mHealth is one of the big promises worldwide to reduce costs of healthcare and empower patients. The challenges in mHealth are roughly the same in the EU and US: watch Rock Health’s Halle Tecco’s speech in the Stanford Technology Ventures Program identifies systemic challenges facing healthcare in America and shares examples of companies working to address these opportunities for change. It struck me that the systemic challenges she identifies are remarkably similar between the US and the EU, which means that business models valid for the US can be ported to the EU with relatively few minor changes. As a result, it doesn’t really matter where you start your mHealth company.
Yet, in the EU considerable challenges remain with the regulatory landscape in full flux, as you can see in my recent presentation in the Mobile Medical Apps roadshow at various US universities:
Especially in the EU the mHealth sector faces major regulatory challenges that go beyond mere regulation in flux. These concern regulation that makes business models in mHealth prohibitively complex and are sometimes outright impossible to comply with. I was reading this very innovative blogpost about regulatory barriers to innovation in online services: Regulatory rubble: the confusing (and harmful) message Europe is sending its entrepreneurs. This blog argues that the regulatory situation in Europe has been nothing shy of incredibly confusing – and damaging – for entrepreneurs, despite all the innovation-friendly rhetoric. It struck me how what Roxanne Varza writes about online services in general is also completely applicable in the fledgeling EU mHealth market.
Stuck in the past
Entrepreneurs in the mean time complain about the general innovation climate in Europe, saying that the EU is stuck in the past too much, maintaining rules that make disruptive technology impossible. This was confirmed recently in Brussels at the Informa Medical Devices Revision conference, where companies and authorities alike agreed that current medical devices regulation leads to situations in which companies cannot possibly be compliant and the only solution is to not enforce certain rules. That is no way to provide a reliable basis for companies, large and small. to start business. In situations like this EU commissioners can be positive about the app market all they want, but this positive spin will not work for the mHealth market if they do not work to provide a regulatory framework that can lead to compliant apps in the first place. Yes, you can always mention some successes, but for a structural flow of those we should move from a scenario of EU successes “regardless” of EU regulatory conditions to a scenario of EU successes “because of” EU regulatory conditions. And that is nowhere on the horizon in the mHealth market.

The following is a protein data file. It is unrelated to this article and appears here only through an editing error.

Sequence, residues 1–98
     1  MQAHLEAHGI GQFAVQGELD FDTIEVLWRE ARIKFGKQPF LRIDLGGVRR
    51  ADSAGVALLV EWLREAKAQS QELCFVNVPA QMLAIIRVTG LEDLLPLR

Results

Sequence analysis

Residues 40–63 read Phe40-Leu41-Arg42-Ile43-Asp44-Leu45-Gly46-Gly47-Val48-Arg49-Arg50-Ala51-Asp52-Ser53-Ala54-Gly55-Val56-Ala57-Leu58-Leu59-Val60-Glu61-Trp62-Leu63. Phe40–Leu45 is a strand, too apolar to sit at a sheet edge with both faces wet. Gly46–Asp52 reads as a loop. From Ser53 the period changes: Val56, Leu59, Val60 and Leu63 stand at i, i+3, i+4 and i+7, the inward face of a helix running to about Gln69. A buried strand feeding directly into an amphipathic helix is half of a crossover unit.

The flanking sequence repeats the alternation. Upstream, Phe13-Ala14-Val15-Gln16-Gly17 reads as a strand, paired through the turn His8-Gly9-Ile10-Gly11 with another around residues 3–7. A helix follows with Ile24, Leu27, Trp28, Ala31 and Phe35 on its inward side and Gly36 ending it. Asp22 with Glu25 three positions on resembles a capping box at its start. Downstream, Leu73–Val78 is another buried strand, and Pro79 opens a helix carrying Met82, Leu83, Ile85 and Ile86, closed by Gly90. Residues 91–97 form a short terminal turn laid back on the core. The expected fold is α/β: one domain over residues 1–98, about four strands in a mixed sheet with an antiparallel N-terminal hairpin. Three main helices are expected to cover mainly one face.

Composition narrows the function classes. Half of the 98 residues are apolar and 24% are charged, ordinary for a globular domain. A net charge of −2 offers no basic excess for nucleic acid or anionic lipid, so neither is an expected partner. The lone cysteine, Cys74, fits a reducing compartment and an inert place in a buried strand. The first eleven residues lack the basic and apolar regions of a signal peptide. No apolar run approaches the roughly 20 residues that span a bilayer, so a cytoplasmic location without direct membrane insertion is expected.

The NO in innovation
I have described the most pressing regulatory issues affecting the mHealth market in more detail in an article in the newest issue of the new journal eHealth Law & Policy, and the publisher has kindly allowed immediate republishing of the article on this blog:
- paper labeling requirements for apps (I kid you not);
- a proposed new definition of medical device that is potentially all over the place by proposing to regulate anything with an “indirect medical purpose” and the Commission dragging its heels for considerable time now with publication of a Green Paper that should clarify this;
- the lack of a centralized EU qualification mechanism to determine for the whole EU if medical software as device or not; and
- data protection rules under development that seem likely to turn out very different every month (while these are crucial to any business model that involves health data)
As I conclude in the eHealth Law and & Policy article: the EU should put its regulation where its mouth is if it wants a viable ecosystem of mHealth app developing companies to develop in Europe. If there is one thing true about mobile health it’s that the companies in that field are mobile. They will pack up and leave to other places if they have to wait for years for the EU to clear its regulatory rubble that puts the NO in innovation, because as investors show: the business model is the same everywhere.